Research indicated that a substitution at the phthaloyl ring would increase TNF-α inhibition activity (Figure 5). An amino group substitution was tested at various locations on the phthaloyl ring (C4, C5, C6, C7) of thalidomide and EM-12 (previously described). Amino addition at the C4 location on both thalidomide and EM-12 resulted in much more potent inhibition of TNF-α. This also revealed that the amino group needed to be directly opposite the carbonyl group on the isoindolinone ring system for the most potent activity.[44] These analogs do not inhibit PDE4 and therefore do not act by PDE4 inhibition. Other additions of longer and bigger groups at the C4 and C5 position of the phthaloyl ring system of thalidomide, some with an olefin functionality, have been tested with various results. Increased inhibitory effect, compared to thalidomide, was noticed with the groups that had an oxygen atom attached directly to the C5 or C4 olefin. Iodine and bromine addition at C4 or C5 resulted in equal or decreased activity compared to thalidomide.[45] These groups were not compared with lenalidomide or pomalidomide.

PDE4 inhibitors

Figure 6: Rolipram, highlighting the 3,4-dialkoxyphenyl moiety
Figure 7: Common structure for PDE4-inhibiting thalidomide analogs

The common structure for analogs that inhibit TNF-α via inhibition of PDE4 is prepared on the basis of hydrolysing the glutarimide ring of thalidomide. These analogs do not have an acidic chiral hydrogen, unlike thalidomide, and would therefore be expected to be chirally stable.[16]

On the phenyl ring, a 3,4-dialkoxyphenyl moiety (Figure 6) is a known pharmacophore in PDE4 inhibitors such as rolipram. Optimal activity is achieved with a methoxy group at the 4-position (X2) and a bigger group, such as cyclopentoxy at the 3-position carbon (X3). However the thalidomide PDE4 inhibitory analogs do not follow the SAR of rolipram analogs directly. For thalidomide analogs, an ethoxy group at X3 and a methoxy group at X2, with X1 being just a hydrogen, gave the highest PDE4 and TNF-α inhibition.[15] Substitutes larger than diethoxy at the X2–X3 position had decreased activity. The effects of these substitutions seem to be mediated by steric effects.[16]

For the Y-position, a number of groups have been explored. Substituted amides that were larger than methylamide (CONHCH3) decrease PDE4 inhibition activity.[16] Using a carboxylic acid as a starting point, an amide group has similar PDE4 inhibition activity but both groups were shown to be a considerably less potent than a methyl ester group, which had about six-fold increase in PDE4 inhibitory activity. Sulfone group had similar PDE4 inhibition as the methyl ester group. The best PDE4 inhibition was observed when a nitrile group was attached, which has 32 times more PDE4 inhibitory activity than the carboxyl acid.[15] Substituents at Y leading to increasing PDE4 inhibitory activity thus followed the order:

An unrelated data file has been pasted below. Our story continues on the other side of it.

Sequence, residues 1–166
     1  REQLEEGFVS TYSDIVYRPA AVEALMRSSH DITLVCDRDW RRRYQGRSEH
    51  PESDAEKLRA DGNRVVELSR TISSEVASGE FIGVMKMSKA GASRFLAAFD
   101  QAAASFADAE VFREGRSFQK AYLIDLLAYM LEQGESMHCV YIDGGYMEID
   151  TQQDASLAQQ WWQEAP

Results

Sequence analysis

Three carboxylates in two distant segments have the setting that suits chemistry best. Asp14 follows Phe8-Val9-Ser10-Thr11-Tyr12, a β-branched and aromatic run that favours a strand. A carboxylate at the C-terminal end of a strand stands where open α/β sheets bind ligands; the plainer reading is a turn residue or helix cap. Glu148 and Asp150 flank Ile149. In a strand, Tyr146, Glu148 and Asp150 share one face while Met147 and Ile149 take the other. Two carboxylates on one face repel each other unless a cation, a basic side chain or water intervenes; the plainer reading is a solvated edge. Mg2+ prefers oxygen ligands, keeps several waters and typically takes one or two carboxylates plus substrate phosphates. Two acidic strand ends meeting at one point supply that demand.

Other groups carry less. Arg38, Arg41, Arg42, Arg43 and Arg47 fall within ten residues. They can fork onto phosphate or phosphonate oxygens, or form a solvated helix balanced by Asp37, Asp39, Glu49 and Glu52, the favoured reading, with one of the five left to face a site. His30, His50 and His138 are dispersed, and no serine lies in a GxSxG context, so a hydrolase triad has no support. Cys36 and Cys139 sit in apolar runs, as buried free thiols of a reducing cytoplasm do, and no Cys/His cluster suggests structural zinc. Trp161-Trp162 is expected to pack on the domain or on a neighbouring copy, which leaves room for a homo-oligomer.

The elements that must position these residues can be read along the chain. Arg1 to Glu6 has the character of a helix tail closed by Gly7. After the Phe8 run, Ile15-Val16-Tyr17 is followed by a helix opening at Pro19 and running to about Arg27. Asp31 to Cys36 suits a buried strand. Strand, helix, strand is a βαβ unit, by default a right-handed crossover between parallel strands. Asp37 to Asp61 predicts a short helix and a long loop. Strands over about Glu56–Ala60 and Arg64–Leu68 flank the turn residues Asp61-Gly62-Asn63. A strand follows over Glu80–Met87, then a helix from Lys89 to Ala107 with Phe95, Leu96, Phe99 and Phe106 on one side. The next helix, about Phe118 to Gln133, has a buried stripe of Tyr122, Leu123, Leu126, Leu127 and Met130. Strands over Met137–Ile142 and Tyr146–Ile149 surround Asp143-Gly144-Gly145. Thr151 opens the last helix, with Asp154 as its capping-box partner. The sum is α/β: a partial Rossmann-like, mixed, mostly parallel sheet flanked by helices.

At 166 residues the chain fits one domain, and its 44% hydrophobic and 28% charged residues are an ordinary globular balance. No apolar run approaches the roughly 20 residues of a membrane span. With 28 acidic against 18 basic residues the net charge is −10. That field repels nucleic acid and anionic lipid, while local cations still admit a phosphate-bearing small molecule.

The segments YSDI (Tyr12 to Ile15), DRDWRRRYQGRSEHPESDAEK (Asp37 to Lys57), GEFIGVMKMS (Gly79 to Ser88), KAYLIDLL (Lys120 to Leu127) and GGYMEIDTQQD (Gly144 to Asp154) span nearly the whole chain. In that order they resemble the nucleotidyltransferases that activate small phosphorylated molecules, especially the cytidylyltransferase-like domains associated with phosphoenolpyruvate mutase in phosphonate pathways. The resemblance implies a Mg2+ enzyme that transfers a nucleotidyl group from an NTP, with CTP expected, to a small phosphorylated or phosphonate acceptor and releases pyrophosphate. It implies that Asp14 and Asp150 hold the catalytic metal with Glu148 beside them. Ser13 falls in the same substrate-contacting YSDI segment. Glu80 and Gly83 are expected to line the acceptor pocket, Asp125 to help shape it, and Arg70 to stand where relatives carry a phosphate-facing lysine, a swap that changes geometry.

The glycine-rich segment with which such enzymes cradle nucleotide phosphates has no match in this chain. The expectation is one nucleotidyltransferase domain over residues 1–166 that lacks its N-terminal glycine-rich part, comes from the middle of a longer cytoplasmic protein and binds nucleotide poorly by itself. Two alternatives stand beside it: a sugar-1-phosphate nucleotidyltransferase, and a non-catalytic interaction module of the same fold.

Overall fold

COOH ≤ CONH2 ≤ COOCH3 ≤ SO2CH3 < CN

Substitutions on the phthaloyl ring have been explored and it was noticed that nitro groups at the C4 or C5 location decreased activity but C4 or C5 amino substitution increased it dramatically.[16] When the substitution at the 4 (Z) location on the phthaloyl ring was examined, hydroxyl and methoxy groups seem to make the analog a less potent PDE4 inhibitor. An increase in activity was observed with amino and dimethylamino to a similar extent but a methyl group improved the activity further than the aforementioned groups. A 4-N-acetylamino group had slightly lower PDE4 inhibitory activity, compared with the methyl group, but increased the compound's TNF-α inhibitory activity to a further extent.[15] Substituents at Z leading to increasing PDE4 inhibitory activity thus followed the order:

N(CH3)2 ≤ NH2 < NHC(O)CH3 < CH3

Angiogenesis inhibition

Figure 8: Common structure for thalidomide analogs with angiogenesis inhibition

For angiogenesis inhibition activity, an intact glutarimide ring seems to be required. Different groups were tested in the R position. The substances that had nitrogen salts as the R group showed good activity. The improved angiogenesis inhibitory activity could be due to increased solubility or that the positively charged nitrogen has added interaction with the active site. Tetrafluorination of the phthaloyl ring seems to increase the angiogenesis inhibition.[42]

Synthesis

Described below are schemes for synthesizing thalidomide, lenalidomide, and pomalidomide, as reported from prominent primary literature. Note that these synthesis schemes do not necessarily reflect the organic synthesis strategies used to synthesize these single chemical entities.

Thalidomide

Scheme 1: Thalidomide synthesis, the older procedure
Scheme 2: Newer thalidomide synthesis, two step reaction